The Trinidad and Tobago government has announced plans to liberalise the liquid petroleum fuel market, noting that since 1974, the liquid petroleum products market has been subject to public economic policy.
Finance Minister Colm Imbert, delivering the TT$49.5 billion budget to Parliament on Monday, said that as a small oil and gas producing country, the view was held that citizens should always benefit from the wealth of the country.
But he said that this policy, which was concretized in the mid-1970s when the price of oil began to escalate in the international markets with a large degree of volatility, led to price stability within the principle of affordability becoming a public economic objective with prices of petroleum products being fixed by the Ministry of Energy and Energy Industries.
“The stated objective of the policy was clear: consumers, in particular low-income groups would be protected from volatile and high prices with consistent access to affordable prices through the subsidy mechanism.
“Illustratively, since 2006 the subsidy has been provided at great fiscal costs and in the fiscal period 2006 to 2020, the subsidy payments made by the government has been in the vicinity of TT$25 billion.”
Imbert told legislators that the government has analysed the subsidy impact on the national community and “we have formed the judgement that not only did the subsidies disproportionately benefit the higher-income groups; but their usage was inefficient from an economy-wide perspective”.
“In recent times, however, in fact since September 2014, energy prices have declined and are now stabilising at significantly lower levels with the upshot that subsidy payments would be considerably reduced.”
Imbert said that at current international oil prices, subsidies do not arise in the sale of premium gasoline or super gasoline; but they continue to prevail in the sale of diesel, kerosene and liquefied petroleum gas (LPG).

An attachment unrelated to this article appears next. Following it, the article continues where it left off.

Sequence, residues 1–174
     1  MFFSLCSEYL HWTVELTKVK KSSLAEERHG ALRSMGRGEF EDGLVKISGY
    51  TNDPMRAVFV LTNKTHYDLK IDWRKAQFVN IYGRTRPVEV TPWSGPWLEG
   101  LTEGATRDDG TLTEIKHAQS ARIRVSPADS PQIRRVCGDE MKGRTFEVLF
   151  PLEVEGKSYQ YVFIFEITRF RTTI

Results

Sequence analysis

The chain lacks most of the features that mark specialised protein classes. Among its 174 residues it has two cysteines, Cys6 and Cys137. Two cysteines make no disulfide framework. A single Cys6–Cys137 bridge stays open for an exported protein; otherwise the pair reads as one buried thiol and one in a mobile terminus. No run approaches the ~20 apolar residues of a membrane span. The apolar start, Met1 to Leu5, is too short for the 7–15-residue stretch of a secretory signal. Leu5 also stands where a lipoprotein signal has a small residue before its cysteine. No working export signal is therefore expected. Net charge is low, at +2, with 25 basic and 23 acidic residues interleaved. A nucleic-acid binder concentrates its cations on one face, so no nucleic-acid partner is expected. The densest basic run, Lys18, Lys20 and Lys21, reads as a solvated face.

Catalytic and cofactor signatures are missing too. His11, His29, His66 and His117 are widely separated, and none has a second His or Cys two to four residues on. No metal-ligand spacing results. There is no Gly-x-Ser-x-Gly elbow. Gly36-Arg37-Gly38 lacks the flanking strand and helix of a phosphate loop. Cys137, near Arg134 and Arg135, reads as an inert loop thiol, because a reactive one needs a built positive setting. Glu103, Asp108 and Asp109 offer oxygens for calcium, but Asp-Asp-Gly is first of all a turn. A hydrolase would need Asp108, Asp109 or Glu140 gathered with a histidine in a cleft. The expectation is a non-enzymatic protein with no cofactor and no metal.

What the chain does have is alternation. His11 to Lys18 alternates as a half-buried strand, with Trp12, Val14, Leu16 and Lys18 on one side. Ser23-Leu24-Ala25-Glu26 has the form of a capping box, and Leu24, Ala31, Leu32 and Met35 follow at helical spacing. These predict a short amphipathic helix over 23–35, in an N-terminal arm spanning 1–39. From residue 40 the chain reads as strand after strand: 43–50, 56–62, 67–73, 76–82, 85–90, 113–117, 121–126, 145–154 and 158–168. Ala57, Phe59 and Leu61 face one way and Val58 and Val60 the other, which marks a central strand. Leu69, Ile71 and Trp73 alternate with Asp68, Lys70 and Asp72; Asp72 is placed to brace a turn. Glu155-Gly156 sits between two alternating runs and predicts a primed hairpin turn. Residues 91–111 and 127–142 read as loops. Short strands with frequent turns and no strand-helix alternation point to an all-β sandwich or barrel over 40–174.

“We are of the view that in the context of the projected international oil prices, the fuel market should be liberalized. Under this arrangement, which is targeted for introduction in January 2021, the fixed retail margins for all liquid petroleum products will be removed; Petroleum retailers and dealers will now be allowed to fix their own margins.”
Imbert said that wholesale margins will remain fixed for the time being and an appropriate but reasonable tax introduced to compensate for the current fuel surplus that is generated on the sale of gasoline, because of depressed oil prices.
“The net result should be little or no increase in the price of motor fuels at current oil prices. However, it must be noted that if the price of oil recovers, the price of gasoline and diesel will naturally increase proportionately,” Imbert said.
He added that the new trading arrangements between the importer of fuel petroleum products and the wholesalers would result in price adjustments for such products up or down based on changes in United States Gulf Coast product prices obtained from the Platts Oilgram Price Report which is reflective of international market product prices.
He said that for transparency purposes, the Ministry of Energy and Energy Industries will post the changes in the refinery prices of premium gasoline, super gasoline, diesel and kerosene on the first day of each month, except for the production price of liquid petroleum gas which will remain under the subsidy mechanism.
Imbert said that this new deregulated market will bring to an end 46 years of fuel subsidies and the high social expenditure of TT$25 billion in the last 15 years; but at current international prices, the liberalized framework will lay the foundation for consumer acceptance in the future.
“The liberalisation of the liquid petroleum fuel market, especially at this time of envisaged stable and low prices for petroleum products will set the stage for enhancing strategic investments to keep the industry efficient and competitive. We are now ensuring that the new pricing model will put the retailers on a self-sustaining and profit-oriented basis.
“All gas stations owned by National Petroleum Marketing Company will also now be offered for sale to the private sector with first preference given to existing dealers and concessionaire,” Imbert told legislators.
Both the Trinidad and Tobago Chamber of Industry and Commerce and the American Chamber of Industry and Commerce (AMCHAM T&T) have welcomed the decision to liberalise the fuel market.
The private sector groups said that they view the move as progressive steps towards more public-private partnerships and will improve efficiencies.